SM: Probably google it if you did, Barbara Lynch’s, instant potato flake gnocchi you’d probably find it. She prides herself on doctoring up canned ingredients. So, this makes complete sense. Instantly, I would think, ooh, you know, is there a lot of processed ingredients in there, but I know that Bob's Red Mill carries potato flakes and my guess would be that that would be a pretty good source for good quality. I would even try it with that.
CK: Well, if you're going to serve it with brown butter and sage or something classic like that. It may not matter whether you used I hate to say this but instant potato flakes versus actually cooking
SM: Oh, don’t let Lidia Bastianich here you say that, oh my goodness, ought oh
CK: I’ve made them from scratch too, but
SM: The thing is they do take work. It is work so
CK: So, if you want to throw them together for you know, Tuesday night, you know, yeah if it's good enough for Barbara is good enough for me.
SM: Yeah, I agree. I have a lot of respect for Barbara
CK: She’s a pro. So yeah, Google it and try that and let us know. Because
SM: Yeah, do let us know I will.
Caller: I'll give that a try and let you know how that turns out. I appreciate it.
SM: All right.
CK: Take care.
Caller: Thank you.
CK: This is Milk Street Radio. Now it's time for some culinary wisdom from one of our listeners.
Caller: Hi, this is Valerie calling from Belfast, Maine. Here's my tip. My husband and I eat a lot of fresh ginger. We add it to oatmeal, fruit salad smoothies, salad dressing, stir fries, and dark leafy greens of course, I buy a big hand of fresh ginger, bring it home, peel it, then I chop it and grind it up in my mini food processor. I put it in a jar and I pour over good organic apple 100% juice to cover. Now I have a jar of ginger ready to use for the week and it doesn't dry out. Enjoy.
CK: If you'd like to share your own cooking tip, on Milk Street Radio .com go to 177 Milk Street.com slash radio tips. Next up its French food scientist Alex Ainouz Alex, how are you?
Alex Ainouz: Hey Christopher, how are you?
CK: You just finished a long investigation into the mother sauces and whether the mother sauces we think are the mother sauces, whether that's actually true or not. Right?
AA: Exactly right. Last year, I wanted to up my sauce game. So, I started reading the books that started the whole mother sauces, you know phenomenon and if you want to do that, the two authors basically first one is Carême and then you've got Auguste Escoffier, which is like is probably even more famous, but the problem is the list that I had seen everywhere online advertised as the French mother sauces, so Espagnole, Velouté, Béchamel. Hollandaise. Tomato. I couldn't find it in the books so, I thought there must be something wrong. This is the main book, so I had Antoine Careme Le Cuisinier so the most important cookbook from Marie-Antoine Carême. Same goes for the Le Guide Culinaire from Escoffier. These two guys they admit that Espagnole, Velouté, Béchamel, tomato are mother sauces but none of these guys ever said that Hollandaise is a mother sauce.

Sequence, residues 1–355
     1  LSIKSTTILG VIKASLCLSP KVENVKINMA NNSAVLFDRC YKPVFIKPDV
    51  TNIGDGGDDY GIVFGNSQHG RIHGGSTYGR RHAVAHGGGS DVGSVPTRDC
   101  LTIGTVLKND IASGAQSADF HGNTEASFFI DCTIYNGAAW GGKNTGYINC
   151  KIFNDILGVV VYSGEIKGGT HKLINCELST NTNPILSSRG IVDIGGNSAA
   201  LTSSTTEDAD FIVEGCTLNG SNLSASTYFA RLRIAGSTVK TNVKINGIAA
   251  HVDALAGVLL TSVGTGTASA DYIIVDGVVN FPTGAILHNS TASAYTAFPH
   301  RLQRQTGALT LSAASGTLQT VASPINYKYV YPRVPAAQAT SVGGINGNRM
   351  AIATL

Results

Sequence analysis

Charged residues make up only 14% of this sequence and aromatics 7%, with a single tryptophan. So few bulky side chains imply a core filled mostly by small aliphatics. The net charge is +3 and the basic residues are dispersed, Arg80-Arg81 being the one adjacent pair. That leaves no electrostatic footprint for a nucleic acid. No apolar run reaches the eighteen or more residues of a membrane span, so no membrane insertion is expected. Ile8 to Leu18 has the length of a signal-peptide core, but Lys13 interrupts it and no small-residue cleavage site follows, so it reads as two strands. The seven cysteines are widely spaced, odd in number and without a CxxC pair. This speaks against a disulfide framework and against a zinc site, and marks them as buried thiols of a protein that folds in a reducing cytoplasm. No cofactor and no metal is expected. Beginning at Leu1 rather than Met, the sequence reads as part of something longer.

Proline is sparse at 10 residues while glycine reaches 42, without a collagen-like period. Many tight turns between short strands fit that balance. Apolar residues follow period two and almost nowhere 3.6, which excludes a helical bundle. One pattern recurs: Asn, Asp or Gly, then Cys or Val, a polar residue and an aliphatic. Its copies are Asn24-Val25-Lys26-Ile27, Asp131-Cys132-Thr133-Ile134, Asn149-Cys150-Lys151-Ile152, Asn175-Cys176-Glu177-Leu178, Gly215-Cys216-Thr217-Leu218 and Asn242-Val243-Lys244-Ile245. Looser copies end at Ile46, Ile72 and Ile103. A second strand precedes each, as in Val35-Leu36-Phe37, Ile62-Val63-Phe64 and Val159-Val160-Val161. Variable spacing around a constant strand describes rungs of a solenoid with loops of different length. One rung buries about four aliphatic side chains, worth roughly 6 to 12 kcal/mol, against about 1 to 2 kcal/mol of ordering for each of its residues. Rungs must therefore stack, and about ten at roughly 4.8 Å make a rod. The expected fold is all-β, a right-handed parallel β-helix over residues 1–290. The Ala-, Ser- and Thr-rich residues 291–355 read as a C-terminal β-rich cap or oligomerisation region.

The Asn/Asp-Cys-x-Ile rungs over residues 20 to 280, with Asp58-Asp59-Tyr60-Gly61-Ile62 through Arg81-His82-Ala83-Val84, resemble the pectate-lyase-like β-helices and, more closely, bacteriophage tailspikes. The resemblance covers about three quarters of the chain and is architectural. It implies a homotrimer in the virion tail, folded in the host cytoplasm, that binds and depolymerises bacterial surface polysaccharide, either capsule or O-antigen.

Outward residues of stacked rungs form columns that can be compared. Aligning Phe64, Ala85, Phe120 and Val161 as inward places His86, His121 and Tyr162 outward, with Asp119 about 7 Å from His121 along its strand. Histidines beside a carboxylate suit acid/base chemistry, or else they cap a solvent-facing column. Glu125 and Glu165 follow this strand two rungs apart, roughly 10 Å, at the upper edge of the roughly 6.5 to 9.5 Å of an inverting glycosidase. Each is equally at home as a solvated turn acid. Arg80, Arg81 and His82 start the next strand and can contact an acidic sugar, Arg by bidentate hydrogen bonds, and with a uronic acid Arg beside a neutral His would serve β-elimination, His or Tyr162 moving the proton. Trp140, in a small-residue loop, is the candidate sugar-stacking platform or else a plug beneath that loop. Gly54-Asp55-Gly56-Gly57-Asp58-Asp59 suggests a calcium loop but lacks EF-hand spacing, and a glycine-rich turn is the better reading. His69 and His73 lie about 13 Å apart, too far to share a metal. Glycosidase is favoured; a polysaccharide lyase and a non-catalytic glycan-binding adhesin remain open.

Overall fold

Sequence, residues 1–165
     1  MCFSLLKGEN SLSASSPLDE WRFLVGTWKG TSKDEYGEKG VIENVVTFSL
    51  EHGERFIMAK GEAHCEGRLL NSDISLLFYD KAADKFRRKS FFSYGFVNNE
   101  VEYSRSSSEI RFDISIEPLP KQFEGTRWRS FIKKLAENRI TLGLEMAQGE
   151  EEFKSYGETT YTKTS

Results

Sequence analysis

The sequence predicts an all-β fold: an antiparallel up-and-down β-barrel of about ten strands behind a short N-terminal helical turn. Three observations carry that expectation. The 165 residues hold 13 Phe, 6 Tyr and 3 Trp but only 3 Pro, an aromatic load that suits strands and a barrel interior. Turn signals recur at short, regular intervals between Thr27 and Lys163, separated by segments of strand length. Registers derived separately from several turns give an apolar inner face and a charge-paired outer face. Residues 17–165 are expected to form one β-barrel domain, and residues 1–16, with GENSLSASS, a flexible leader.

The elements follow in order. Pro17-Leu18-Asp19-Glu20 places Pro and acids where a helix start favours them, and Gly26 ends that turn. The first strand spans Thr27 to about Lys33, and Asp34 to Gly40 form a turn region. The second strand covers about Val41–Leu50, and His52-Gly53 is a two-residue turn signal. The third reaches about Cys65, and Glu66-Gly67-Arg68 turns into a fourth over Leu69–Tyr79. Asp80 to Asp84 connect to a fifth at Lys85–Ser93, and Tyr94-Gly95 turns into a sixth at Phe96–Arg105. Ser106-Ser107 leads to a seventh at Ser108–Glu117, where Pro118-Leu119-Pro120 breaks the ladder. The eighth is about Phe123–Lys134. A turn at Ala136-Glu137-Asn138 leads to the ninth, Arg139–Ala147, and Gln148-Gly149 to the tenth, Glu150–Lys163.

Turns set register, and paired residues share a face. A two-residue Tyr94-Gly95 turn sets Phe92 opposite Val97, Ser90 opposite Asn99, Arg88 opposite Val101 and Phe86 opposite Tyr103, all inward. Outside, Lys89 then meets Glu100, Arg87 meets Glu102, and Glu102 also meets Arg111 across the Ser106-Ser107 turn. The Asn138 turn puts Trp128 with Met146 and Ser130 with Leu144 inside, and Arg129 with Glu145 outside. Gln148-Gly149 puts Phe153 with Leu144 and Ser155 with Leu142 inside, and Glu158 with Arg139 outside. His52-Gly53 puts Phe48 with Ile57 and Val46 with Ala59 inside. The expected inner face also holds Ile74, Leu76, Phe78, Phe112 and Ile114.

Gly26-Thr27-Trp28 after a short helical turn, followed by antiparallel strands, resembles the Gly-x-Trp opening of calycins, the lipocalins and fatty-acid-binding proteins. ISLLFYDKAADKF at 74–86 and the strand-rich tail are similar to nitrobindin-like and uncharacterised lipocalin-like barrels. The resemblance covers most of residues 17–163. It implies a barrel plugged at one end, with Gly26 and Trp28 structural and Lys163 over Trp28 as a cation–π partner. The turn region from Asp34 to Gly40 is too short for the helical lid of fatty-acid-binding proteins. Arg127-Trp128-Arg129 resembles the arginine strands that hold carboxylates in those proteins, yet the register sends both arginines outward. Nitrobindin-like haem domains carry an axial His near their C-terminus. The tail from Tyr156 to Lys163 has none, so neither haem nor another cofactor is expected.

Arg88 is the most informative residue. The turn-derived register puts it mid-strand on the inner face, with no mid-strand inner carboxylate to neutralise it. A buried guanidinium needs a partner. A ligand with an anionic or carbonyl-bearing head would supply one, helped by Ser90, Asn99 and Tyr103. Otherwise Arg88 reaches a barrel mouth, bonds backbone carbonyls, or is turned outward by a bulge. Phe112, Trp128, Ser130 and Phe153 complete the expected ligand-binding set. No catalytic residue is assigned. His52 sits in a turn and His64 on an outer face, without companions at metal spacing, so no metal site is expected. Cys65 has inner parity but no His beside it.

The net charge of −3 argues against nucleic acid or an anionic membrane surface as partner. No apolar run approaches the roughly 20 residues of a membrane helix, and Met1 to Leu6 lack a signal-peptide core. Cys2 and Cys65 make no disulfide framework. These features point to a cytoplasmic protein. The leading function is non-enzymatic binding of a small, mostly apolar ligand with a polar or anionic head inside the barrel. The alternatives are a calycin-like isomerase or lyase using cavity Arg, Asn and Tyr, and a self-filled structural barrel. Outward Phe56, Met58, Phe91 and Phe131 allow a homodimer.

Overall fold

CK: Well, it's odd you say that because you think of those sauces and Hollandaise it's just a totally different thing it’s made differently, it’s used differently. I mean, just it doesn't fit in with the others.
AA: Yeah, yeah, exactly. He has a different process to make it. It's different in many ways. But I thought, well, who am I to judge? So, I started doing more thorough research, I found out that basically, Hollandaise has never been qualified as a mother sauce by Aguste Escoffier, which is so weird. There's a place in the US at the Culinary Institute of America, there was also a school called Escoffier something in the US, that does the same school in the UK. Same in France, even. And these guys always say that Hollandaise is a mother sauce. I'm thinking, where did everyone get that information from? It got me mad to be honest. And at some point, I stumbled upon a lead. One of the librarians I was working with, he told me, have you thought about maybe studying an English book, a translation of the modern cooking?
CK: Are you going to blame it on the English now?
AA: I'm just being very objective. I'm being factual. So basically, I found the very first translation of the Le Guide Culinaire. It's presented as a translation. But it is in fact, an interpretation. The guy remade the list, basically, he said by Auguste Escoffier translated by this guy, William Heinemann 1907. And then when you get to the mother sauces chapter, you've got Espagnole, Velouté, Béchamel all well and good tomato and then Hollandaise, Hollandaise coming out of nowhere. So, I'm thinking, who is this guy? And the disappointment goes a bit further. Mayonnaise has never been qualified as a mother sauce, more than Hollandaise sauce. It's pure. It's, it's like more simple, more straightforward. So, I've always been a bit annoyed by the fact that it wasn't qualified as a mother sauce. And yet, the beauty of all this is that studying all these books, not only have I found that Hollandaise sauce is a fraud, but I've also found out that mayonnaise initially was considered to be a mother sauce by the king itself by Auguste Escoffier. It wasn't sitting in the right chapter, but Escoffier said, mayonnaise should be considered a mother sauce. I thought at some point, I had discovered a new planet in the solar system, basically, because I thought, hold on, this is just too snobbish. It's a great sauce. I love my eggs benedict with Hollandaise. But I've always been concerned about this.